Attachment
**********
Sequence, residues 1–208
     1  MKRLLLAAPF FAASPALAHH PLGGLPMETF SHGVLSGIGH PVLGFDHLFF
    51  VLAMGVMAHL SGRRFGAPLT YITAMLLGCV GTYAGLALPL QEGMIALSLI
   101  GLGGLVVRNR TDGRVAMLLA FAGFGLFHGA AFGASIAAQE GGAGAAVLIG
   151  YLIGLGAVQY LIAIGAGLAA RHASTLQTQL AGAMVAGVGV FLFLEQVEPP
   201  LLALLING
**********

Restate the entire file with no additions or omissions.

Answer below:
Sequence, residues 1–208
     1  MKRLLLAAPF FAASPALAHH PLGGLPMETF SHGVLSGIGH PVLGFDHLFF
    51  VLAMGVMAHL SGRRFGAPLT YITAMLLGCV GTYAGLALPL QEGMIALSLI
   101  GLGGLVVRNR TDGRVAMLLA FAGFGLFHGA AFGASIAAQE GGAGAAVLIG
   151  YLIGLGAVQY LIAIGAGLAA RHASTLQTQL AGAMVAGVGV FLFLEQVEPP
   201  LLALLING